No to Marsy’s Law

Crime victims, families and Attorney General Gordon MacDonald offered testimony in favor.  The Senate overwhelmingly passed the bill, and it had the support of Governor Sununu, but the proposed victims’ rights constitutional amendment known as Marsy’s Law failed to garner enough backing to carry it through the House.  Supporters believed the proposed amendment attempted to level the playing field between victims and perpetrators by adding victims’ rights to the New Hampshire Constitution. Opponents claimed the bill went too far, leading to a potential erosion of a defendant’s right to due process.  After several weeks, a joint committee failed to recommend passage, and the full House sustained the recommendation a week later.  Advocates have vowed to keep pursuing the matter in hopes of putting it before voters in the future.

Keeping the death penalty

Governor Sununu kept a promise and vetoed a bill repealing the death penalty.  The measure passed both chambers, but not nearly by margins that would allow for a veto override.  The governor said he respected the opinions of those who favor repeal, but that he stood with crime victims, families and law enforcement on the issue.  New Hampshire has not executed anyone since 1939, and there is only one person currently on the state’s death row.

There’s always next year

Offered up in the 2017 session, the paid family and medical leave bill was held over for more study into 2018.  This year, the bill made its way through three House committees and three votes on the House floor, including one that overturned a committee recommendation.  In the Senate, questions about the solvency and certain aspects of the design of the program, as well as veto threat from Governor Sununu, sent the bill to interim study.  The bill was widely supported in concept, but the Senate was divided along party lines as to whether it would work as designed.  The bill is certain to be back next session.

Let it be

A controversial school choice bill that had been retained from 2017 and had the support of Governor Sununu and majority party leadership was sent for more study by the House.  The bill would have created an education savings account that parents could use for a variety of educational choices, including home and non-public schooling.  Supporters said it promoted school choice for parents of children who have difficulties in public school.  Opponents insisted it was a voucher bill that would downshift educational costs to municipalities. At session’s end, the bill reappeared as a Senate amendment to another bill.  A committee of conference might have smoothed out differences and paved the way for passage, but a slim majority of House members were content with more study and consideration of the late amendment failed by a handful of votes.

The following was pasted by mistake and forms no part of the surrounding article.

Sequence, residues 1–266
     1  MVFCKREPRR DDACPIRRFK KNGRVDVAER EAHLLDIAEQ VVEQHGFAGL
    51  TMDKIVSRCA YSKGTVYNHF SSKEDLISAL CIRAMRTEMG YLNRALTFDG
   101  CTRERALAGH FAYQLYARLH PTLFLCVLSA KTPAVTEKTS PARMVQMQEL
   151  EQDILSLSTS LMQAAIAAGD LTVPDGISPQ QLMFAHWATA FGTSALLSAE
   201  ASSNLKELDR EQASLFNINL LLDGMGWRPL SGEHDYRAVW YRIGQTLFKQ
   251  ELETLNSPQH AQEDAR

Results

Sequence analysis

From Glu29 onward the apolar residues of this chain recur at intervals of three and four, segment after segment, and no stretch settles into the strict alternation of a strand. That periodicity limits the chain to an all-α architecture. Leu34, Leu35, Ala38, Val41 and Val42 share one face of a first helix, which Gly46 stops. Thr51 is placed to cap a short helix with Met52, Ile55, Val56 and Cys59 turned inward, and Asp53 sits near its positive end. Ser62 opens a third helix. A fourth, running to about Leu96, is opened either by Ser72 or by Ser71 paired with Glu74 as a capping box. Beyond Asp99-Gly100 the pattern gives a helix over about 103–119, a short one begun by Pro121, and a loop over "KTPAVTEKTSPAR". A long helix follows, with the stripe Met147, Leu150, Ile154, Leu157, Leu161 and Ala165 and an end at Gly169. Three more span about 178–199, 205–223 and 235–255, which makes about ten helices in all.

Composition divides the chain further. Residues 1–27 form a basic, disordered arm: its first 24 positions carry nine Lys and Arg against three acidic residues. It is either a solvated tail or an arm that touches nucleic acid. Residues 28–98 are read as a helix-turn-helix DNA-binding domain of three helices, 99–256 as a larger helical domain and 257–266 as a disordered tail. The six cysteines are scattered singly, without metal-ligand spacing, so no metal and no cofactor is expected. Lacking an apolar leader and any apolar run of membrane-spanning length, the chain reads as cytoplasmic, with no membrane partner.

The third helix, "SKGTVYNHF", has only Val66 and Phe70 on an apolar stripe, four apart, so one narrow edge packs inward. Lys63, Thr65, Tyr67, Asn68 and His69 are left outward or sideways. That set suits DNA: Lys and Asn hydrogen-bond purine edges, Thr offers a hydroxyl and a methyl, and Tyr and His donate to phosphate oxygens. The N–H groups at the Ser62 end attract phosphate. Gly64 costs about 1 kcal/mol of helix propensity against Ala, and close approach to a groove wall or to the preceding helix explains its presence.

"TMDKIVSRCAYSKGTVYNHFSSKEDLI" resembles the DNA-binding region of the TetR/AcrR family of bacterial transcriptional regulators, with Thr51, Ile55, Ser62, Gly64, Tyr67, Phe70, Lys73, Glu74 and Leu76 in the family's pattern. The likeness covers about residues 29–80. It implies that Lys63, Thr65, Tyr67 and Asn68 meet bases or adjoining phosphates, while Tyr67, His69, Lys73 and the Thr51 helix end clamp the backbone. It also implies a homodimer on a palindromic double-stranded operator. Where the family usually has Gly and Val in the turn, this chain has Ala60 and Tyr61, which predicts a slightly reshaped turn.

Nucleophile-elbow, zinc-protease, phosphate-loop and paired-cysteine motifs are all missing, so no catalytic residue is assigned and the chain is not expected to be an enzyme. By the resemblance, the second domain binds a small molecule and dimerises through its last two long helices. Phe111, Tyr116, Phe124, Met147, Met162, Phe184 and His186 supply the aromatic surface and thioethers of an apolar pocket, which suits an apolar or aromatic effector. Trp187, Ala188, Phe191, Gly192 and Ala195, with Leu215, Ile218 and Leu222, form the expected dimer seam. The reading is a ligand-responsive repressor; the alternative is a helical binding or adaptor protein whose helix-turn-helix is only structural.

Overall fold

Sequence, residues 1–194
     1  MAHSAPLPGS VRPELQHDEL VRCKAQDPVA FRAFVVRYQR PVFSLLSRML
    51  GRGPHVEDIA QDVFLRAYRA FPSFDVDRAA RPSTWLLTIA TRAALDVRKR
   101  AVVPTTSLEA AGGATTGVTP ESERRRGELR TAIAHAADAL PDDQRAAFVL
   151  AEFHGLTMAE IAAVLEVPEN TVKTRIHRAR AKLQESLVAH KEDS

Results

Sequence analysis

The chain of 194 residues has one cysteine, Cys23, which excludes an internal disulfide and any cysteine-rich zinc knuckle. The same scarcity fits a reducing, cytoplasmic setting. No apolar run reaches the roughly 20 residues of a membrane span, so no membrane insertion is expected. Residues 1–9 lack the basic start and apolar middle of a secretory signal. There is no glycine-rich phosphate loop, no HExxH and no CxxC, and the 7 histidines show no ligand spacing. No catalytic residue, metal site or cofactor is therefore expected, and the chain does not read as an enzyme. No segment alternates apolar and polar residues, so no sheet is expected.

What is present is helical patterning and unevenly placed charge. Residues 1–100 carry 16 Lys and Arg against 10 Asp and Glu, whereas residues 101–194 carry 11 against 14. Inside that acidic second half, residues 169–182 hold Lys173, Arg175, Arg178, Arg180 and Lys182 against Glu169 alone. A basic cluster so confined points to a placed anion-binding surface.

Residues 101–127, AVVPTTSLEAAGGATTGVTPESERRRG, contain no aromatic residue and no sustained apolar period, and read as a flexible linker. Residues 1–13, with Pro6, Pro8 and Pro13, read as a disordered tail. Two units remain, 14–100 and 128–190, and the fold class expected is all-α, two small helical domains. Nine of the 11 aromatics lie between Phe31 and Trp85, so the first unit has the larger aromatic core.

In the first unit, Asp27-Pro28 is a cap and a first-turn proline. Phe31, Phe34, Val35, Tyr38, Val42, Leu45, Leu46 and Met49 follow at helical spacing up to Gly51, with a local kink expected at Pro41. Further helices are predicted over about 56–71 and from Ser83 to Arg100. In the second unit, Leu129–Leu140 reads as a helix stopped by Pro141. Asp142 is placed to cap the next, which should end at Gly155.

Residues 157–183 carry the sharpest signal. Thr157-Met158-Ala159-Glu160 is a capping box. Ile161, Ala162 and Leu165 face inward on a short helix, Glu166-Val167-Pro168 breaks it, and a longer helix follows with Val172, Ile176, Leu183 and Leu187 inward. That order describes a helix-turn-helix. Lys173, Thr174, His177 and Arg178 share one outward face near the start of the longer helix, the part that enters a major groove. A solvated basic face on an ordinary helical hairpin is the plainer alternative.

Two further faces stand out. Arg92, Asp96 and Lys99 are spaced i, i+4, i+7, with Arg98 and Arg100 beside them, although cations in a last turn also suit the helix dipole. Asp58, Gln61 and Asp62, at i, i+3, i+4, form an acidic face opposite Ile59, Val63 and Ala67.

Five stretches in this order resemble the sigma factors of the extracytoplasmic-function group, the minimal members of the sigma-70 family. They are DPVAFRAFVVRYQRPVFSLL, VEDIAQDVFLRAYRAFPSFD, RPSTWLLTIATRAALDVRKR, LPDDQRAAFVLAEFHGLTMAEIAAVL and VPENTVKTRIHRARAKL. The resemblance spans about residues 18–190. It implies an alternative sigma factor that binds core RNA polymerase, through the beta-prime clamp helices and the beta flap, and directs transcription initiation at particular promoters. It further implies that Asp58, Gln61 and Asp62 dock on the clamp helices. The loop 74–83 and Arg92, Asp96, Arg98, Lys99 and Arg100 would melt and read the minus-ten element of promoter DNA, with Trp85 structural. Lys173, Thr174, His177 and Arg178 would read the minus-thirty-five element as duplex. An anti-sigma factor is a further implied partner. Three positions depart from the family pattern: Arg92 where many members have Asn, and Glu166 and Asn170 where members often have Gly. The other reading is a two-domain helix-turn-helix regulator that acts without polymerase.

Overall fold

On the road again

The state would set rules for the testing of autonomous vehicles under a bill that was agreed to in a committee of conference.  A House bill establishing a framework for testing was merged with a Senate proposal to study overall autonomous vehicle issues.  Legislators will use the study to continue to gather information over the next four years, but initial licensing and other regulations will go into effect in 2019.  Additionally, a bill that would provide more revenue for highway maintenance by establishing special road usage fees for the owners of high mileage and alternative fuel vehicles will be studied for possible consideration next year.  Senators sent the bill to study after Governor Sununu said he could not sign the bill as written.

It’s all about the Benjamins